Spanish reflexive pronouns are words that are used to indicate whom or what will be affected by a verb or action. These types of pronouns are very useful for lots of different topics in the language. They are not the same as reflexive verbs, but both of them are strongly related as we will soon see in this lesson. We have included a chart for reflexive pronouns in Spanish plus many examples and simple explanations on how to use them in real life. Let’s start…
The definition and placement of reflexive pronouns in Spanish
Spanish grammar is a little tricky to explain, so we will ask you to carefully analyse the following definition of Spanish reflexive pronouns:
Reflexive pronouns in Spanish are a special type of pronouns that unlike those such as “Yo, tú…”, do not refer to a subject but an object and indicate who is affected or will be affected by an action (verb), e.g. “(Yo) ME despierto temprano” where the reflexive pronoun “ME” indicates that I am the one waking up early.
In a previous lesson on reflexive verbs, we explained that reflexive verbs and pronouns are not the same thing. A reflexive verb is simply a verb in infinitive plus a reflexive pronoun, e.g. VERTIRSE, where VESTIR represents the verb in infinitive form and SE is a pronoun. Take a look at the examples in the following picture including some sentences with the reflexive verb BAÑARSE:
Spanish reflexive pronouns chart and placement
Let’s discuss a little about Spanish reflexive pronouns placement. They are always placed before a conjugated verb they are related to, just like the pronouns “ME” and “SE” in these two examples: (Yo) me llamo Alex (My name is Alex) and “Ella se acostumbró a su trabajo” (she got used to her job). They could also be placed after a verb in infinitive to form a reflexive verb like “BAÑARSE” as we saw above. Keep in mind that the reflexive pronoun we use must match the subject in the sentence, which means that after a subject pronoun like YO, we will use the reflexive pronoun ME, and after NOSOTROS we will add NOS. You must memorize which Spanish reflexive pronouns corresponds to each personal pronoun. Here is a chart showing this relationship:
|Subject Pronoun||Reflexive Pronoun||Verb (bañar)|
Making sentences using Spanish reflexive pronouns: examples + audio
Reflexive pronouns will tell us who is affected by the verb in a sentence. Let’s illustrate this with an example; in the sentence “Yo me baño todos los días“, I am saying that I myself take soap and other things to bathe, that is, the action of “bathing” affects me; on the other hand, if I said “Ellos se bañaron cuando llovía“, then it would mean that the activity of “bathing” affected them or that they did that themselves somehow.
It is important to notice that not all verbs in the language have a reflexive form, so this type of pronouns will not be used for all verbs or in all situations. Also, remember that each personal pronoun has its corresponding reflexive pronoun, as shown in the chart above. If we replace the reflexive pronoun with another one that does not correspond to the personal pronoun, then the reflexive pronoun will become an indirect object pronoun, for example:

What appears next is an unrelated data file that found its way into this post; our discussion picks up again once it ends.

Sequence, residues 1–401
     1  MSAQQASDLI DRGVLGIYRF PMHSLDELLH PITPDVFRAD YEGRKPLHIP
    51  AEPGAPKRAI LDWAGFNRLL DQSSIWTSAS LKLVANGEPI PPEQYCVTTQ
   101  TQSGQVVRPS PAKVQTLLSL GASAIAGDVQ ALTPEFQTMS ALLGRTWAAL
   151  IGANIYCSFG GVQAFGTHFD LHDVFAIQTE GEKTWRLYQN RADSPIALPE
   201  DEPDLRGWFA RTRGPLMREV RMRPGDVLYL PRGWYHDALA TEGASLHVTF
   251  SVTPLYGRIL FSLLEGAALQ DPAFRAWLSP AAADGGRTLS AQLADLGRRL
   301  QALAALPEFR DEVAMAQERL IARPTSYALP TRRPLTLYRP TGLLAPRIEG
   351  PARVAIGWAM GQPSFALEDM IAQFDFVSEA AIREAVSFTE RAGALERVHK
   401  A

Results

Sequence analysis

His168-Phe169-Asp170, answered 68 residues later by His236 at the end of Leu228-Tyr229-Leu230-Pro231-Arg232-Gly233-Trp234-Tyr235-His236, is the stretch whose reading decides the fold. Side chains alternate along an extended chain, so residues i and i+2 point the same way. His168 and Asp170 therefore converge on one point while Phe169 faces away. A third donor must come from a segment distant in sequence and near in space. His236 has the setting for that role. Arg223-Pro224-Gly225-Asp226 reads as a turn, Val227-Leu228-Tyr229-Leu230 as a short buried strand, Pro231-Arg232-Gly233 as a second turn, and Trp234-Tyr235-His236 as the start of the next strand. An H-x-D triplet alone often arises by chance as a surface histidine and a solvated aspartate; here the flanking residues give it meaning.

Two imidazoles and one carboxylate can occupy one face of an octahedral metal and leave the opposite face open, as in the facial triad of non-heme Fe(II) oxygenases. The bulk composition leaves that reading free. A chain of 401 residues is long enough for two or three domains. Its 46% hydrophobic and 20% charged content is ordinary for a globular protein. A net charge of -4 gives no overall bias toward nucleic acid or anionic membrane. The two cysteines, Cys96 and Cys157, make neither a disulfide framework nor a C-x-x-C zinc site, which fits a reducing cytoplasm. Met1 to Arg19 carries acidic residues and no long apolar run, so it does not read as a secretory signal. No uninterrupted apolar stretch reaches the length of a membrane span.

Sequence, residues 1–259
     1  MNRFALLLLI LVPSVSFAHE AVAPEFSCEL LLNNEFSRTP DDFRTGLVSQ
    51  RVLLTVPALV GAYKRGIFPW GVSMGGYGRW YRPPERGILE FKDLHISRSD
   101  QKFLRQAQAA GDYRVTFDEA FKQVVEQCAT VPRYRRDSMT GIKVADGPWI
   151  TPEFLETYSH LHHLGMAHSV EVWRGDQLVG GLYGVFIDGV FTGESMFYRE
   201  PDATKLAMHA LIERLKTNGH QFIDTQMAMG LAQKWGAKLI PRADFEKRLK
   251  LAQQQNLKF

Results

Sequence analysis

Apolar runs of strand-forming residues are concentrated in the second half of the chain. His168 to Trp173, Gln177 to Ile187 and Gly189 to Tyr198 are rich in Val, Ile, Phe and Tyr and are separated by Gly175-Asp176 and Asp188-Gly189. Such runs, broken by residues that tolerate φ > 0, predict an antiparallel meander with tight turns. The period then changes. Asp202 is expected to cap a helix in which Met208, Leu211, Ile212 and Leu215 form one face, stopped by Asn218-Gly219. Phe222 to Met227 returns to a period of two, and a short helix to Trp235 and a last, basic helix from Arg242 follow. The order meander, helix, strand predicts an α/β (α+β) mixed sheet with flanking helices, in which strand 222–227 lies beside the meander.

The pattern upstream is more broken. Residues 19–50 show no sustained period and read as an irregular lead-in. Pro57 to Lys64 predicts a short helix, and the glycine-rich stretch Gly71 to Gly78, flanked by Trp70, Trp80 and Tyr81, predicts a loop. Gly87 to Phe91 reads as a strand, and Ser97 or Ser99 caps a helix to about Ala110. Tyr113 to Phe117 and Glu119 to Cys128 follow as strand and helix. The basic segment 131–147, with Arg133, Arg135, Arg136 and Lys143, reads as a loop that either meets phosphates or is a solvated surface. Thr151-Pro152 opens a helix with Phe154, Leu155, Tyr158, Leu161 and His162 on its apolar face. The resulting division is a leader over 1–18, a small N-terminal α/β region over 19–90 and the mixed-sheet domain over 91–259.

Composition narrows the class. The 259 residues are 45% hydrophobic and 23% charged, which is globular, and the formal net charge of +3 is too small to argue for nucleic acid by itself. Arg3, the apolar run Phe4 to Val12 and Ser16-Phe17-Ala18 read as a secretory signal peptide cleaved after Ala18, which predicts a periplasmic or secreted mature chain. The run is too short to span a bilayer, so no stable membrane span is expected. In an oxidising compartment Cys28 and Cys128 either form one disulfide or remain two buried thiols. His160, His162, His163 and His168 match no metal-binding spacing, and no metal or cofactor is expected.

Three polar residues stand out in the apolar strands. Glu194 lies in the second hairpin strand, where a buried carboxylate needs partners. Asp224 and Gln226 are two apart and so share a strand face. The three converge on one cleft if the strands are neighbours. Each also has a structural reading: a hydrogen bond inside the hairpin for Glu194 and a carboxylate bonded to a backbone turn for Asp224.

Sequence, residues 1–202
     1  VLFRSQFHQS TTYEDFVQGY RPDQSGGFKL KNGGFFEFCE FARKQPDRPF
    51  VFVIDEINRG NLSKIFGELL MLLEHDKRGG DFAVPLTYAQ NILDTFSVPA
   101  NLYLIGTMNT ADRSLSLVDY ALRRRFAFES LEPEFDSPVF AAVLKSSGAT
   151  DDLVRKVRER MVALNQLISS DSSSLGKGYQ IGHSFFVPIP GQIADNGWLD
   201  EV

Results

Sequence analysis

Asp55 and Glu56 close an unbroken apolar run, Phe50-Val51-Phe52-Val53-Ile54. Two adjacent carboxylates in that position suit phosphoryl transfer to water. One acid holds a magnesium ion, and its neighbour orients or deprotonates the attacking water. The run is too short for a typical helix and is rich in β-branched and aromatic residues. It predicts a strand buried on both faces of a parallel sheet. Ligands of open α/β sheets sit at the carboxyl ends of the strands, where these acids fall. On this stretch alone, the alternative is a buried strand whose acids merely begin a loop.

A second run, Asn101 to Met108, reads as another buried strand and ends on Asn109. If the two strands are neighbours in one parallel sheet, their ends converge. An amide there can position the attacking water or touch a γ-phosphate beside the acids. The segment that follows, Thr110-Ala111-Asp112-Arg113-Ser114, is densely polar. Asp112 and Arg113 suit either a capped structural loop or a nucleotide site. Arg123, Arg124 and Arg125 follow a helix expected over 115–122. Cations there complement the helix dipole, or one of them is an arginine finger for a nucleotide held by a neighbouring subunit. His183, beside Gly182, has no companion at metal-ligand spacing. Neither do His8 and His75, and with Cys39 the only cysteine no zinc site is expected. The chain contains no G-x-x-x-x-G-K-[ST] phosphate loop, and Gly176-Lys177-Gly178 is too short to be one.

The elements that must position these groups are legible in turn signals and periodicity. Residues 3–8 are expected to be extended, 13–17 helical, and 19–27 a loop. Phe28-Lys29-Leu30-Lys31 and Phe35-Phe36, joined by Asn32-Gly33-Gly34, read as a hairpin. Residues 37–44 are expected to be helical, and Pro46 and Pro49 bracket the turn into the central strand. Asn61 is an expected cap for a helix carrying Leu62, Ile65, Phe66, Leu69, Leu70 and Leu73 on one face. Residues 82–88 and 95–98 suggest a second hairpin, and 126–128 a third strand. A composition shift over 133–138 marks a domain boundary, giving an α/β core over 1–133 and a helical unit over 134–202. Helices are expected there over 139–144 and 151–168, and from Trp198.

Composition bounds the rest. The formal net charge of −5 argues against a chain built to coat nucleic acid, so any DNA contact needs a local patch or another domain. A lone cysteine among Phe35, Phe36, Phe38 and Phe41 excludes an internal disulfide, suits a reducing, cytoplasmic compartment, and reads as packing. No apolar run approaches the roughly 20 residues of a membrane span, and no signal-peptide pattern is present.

- “Yo me visto” (where ME is a reflexive pronoun)
- “Yo os ayudo” (where OS is an indirect object pronoun that tells who I’m helping).
Reflexive pronouns in Spanish are particularly useful when talking about your daily routine, for actions like “Yo me baño” (I take a shower – by myself implicitly), “Tú te bañas” (You take a shower by yourself) and “Ellos se bañan” (They take a shower by themselves). Here are some examples of sentences using Spanish reflexive pronouns properly to talk about different topics. Check how each subject pronoun matches each reflexive pronoun.
BAÑARSE – Yo me baño a las 7 de la mañana
BATHING – I bathe at 7 in the morning
DIVERTIRSE – Ella se divierte con sus amigos
HAVE FUN – She has fun with her friends
CONFUNDIRSE – Tú te confundes todo el tiempo.
CONFUSING – You get confused all the time.
OLVIDARSE – Nosotros nos olvidamos de la tarea
FORGET – We forgot about homework
DESPERTARSE – Vosotros os despertáis tarde siempre
TO WAKE UP – You wake up late always
ENOJARSE – Ellos se enojaron con el presidente
ENOJARSE – They got angry with the president
As a final note, remember that we do not need to use reflexive pronouns for all verbs. In fact, knowing when to use them is a challenge even for native speakers when we are little, and we learn to master them as we grow up by making a lot of mistakes. Make sure to check the related lessons and good luck learning Spanish – ¡Hasta pronto!
I am very confused in my understanding reflexive verbs are used when the action of the verb is reflected back onto the subject.(shaving yourself, loving yourself). Yo te amo is not reflective verb.
Yes, reflexive verbs and pronouns are very confusing. We will improve the lesson to include some more examples. AMAR is not a reflexive verb, that is true, but you can add a reflexive pronoun in some cases for example: “Yo me amo (a mí mismo)” (I love myself), “(a ti) Yo te amo” (I love you – here the action is reflected onto the object “a ti” which is implicit) and “Ellos son lindos. Yo los amo” (They are cute. I love them – here LOS refers to ELLOS as well, even if you omit the first part of the sentence). You can do the same with many other verbs, for example: “(a ti) Yo te cocino el desayuno” (I cook breakfast for you). When you see a non-reflexive verb like GUSTAR, AMAR or COCINAR, think there is a prepositional phrase hidden at the beginning of the sentence, eg. “(A mi) me gusta…”, “(A ustedes) les cocino” and so on.
“Esperamos que sea de ayuda”. ¡Gracias por expresar tu duda!